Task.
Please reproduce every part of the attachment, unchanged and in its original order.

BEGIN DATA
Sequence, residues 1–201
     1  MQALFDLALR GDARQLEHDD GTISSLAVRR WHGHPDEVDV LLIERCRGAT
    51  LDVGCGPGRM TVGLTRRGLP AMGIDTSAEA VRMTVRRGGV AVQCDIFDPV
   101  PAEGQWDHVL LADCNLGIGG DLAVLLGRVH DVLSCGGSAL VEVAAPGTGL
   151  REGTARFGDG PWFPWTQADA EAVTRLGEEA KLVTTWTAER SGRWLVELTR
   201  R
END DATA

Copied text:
Sequence, residues 1–201
     1  MQALFDLALR GDARQLEHDD GTISSLAVRR WHGHPDEVDV LLIERCRGAT
    51  LDVGCGPGRM TVGLTRRGLP AMGIDTSAEA VRMTVRRGGV AVQCDIFDPV
   101  PAEGQWDHVL LADCNLGIGG DLAVLLGRVH DVLSCGGSAL VEVAAPGTGL
   151  REGTARFGDG PWFPWTQADA EAVTRLGEEA KLVTTWTAER SGRWLVELTR
   201  R